Her first husband’s family members agree. His father, stepmother, and brother attended Melton Ivie’s wedding. But what did the sick ex-spouse think? While Robert Melton was quoted approving of his wife’s divorce and remarriage, he was also quoted referring to her as his wife and he did not attend her wedding. In other words, he is so sick that determining his opinion is impossible.

That’s the reality of the personal-happiness standard of marriage: When one spouse becomes seriously ill, the other spouse ends the marital relationship and begins a new one. There is no do-or-die commitment. The healthy move on and the sick are moved on. It’s a Darwinian morality, and Gingrich was one of its many practitioners.



  • ChronicSinner

    First of all, it must be stated, than NO CATHOLIC in good conscience has the standing to question the validity of Mr. Gingrich’s current marriage, as that has been vetted by a competent marriage tribunal and deemed worthy of the Sacrament of Matrimony. In other words, on this point, the Tribunal has spoken…end of story.

    Concerning whether the facts surrounding his previous marital conduct should be completely forgotten or dismissed in regards to his quest for public office, those facts are certainly fair game. While I fully agree with those in this forum who cite God’s mercy in forgiving and forgetting ones sins, that merciful amnesia extends to the ETERNAL punishment associated with sin. There is still a TEMPORAL punishment that must be paid, as God is not only all merciful, he is also all just. The Church clearly teaches that although the eternal punishment for sin is completely forgiven via Our Lord’s attoning Sacrfice on the Cross as a fruit of the Sacrament of Pennance or a perfect Act of Contrition, the temporal punishment still persists and must be paid in this life or in Purgatory (or a combination of both). Hence, for an individual to take Mr. Gingrich’s previous conduct into account and therefore withhold his or her vote is completely appropriate, particularly in the primary season where there are at least 2 other morally stronger choices for we Catholics to consider.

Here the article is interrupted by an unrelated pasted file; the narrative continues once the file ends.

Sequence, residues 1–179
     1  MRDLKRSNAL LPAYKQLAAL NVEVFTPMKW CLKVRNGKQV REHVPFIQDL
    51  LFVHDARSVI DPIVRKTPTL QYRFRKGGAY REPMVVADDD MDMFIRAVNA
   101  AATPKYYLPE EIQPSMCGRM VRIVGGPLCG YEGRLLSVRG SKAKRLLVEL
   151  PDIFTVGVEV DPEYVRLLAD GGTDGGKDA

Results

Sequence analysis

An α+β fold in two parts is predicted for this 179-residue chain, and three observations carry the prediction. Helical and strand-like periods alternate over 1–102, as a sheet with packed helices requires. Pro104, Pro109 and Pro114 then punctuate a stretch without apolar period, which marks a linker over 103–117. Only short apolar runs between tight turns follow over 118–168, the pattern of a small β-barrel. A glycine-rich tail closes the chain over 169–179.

However, although I will not be supporting the former Speaker in the primaries, I would have no problem in voting for him in November, despite his marital baggage, since his checkered moral past PALES in comparison to our President’s checkered moral present (and past for that matter). In other words, given a choice between a man who cheated on 2 wives and is a serial repentant adulterer versus a man who is rabidly pro-choice, who has failed to support the DOMA, and who wants to force Catholics to violate the teachings of their Faith by subsidizing abortion/contraceptives/sterilizations…well, all I can say is all choices should be that easy.